may sue and defend, plead and be impleaded, in all courts and places,
and in all matters and proceedings; may have and use a common seal
and alter the same at pleasure; may purchase, receive, hold and enjoy,
or sell and dispose of, real and personal property; may receive bequests,
gifts, and donations of all kinds of property, in fee simple, or in trust
for public, charitable or other purposes; and do all things and acts
necessary to carry out the purposes of such gifts, bequests and donations,
with power to manage, sell, lease or otherwise dispose of the same in
accordance with the terms of the gift, bequest or trust; shall have the
power, within or without its territorial limits, to construct, condemn
and purchase, purchase, acquire, lease, add to, maintain, conduct and
operate, water works, light plants, power plants, transportation systems,
heating plants, and any other public utilities or works or ways local in
use and extent, in whole or in part, and everything required therefor,
for the use of said city . . . and the inhabitants thereof, and any such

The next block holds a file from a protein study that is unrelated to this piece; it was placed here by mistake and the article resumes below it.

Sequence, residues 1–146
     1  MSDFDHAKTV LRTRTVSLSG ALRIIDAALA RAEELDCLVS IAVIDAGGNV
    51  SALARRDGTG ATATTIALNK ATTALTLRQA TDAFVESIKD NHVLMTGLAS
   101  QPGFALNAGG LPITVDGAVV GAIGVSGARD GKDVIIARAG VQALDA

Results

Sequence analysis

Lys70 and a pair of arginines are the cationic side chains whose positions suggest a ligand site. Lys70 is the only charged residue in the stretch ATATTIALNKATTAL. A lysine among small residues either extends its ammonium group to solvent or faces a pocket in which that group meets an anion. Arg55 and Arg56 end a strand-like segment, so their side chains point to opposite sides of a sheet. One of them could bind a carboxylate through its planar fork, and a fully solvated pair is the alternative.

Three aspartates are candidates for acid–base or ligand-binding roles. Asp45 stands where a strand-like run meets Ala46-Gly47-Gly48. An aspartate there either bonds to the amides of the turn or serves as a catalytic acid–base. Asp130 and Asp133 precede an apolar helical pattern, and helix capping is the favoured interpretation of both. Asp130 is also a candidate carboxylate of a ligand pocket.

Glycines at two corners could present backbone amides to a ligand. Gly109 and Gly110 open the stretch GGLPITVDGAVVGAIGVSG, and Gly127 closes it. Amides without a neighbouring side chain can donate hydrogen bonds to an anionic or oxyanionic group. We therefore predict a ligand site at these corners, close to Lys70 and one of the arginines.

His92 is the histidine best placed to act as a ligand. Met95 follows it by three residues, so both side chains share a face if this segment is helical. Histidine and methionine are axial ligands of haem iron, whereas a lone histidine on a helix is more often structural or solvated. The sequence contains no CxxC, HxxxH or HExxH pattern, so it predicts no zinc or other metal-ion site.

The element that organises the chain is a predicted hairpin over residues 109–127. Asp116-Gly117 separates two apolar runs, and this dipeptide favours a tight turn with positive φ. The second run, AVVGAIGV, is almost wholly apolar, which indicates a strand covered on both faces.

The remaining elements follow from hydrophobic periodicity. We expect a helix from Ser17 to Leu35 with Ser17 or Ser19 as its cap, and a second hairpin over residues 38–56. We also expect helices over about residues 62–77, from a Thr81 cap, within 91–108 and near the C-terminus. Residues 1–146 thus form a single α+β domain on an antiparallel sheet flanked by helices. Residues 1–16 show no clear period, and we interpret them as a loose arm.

systems, plants or works or ways, or any contracts in relation or connection
with either, that may exist and which said city ... may desire to purchase,
in whole or in part, the same or any part thereof may be purchased
by said city . . . which may enforce such purchase by proceedings at
law as in taking land for public use by right of eminent domain, and
shall have the power to issue bonds upon the vote of the taxpaying
electors, at any special or general election, in any amount necessary to
carry out any of said powers or purposes, as may by the charter be
provided. CoLo. CONST. art. XX, § 1.
38. City & County of Denver v. Palmer, 140 Colo. 27, 342 P.2d 687 (1959);
Glendinning v. City & County of Denver, 50 Colo. 240, 114 Pac. 652 (1911).
POWERS OF HOME RULE CITIES IN COLORADO 329

clusive, or are there some matters which fairly can be said to partake
of both? If there are such "mixed" matters, may a home rule city
regulate them? If so, under what conditions? Finally, in the absence
of municipal action with reference to a local matter, under what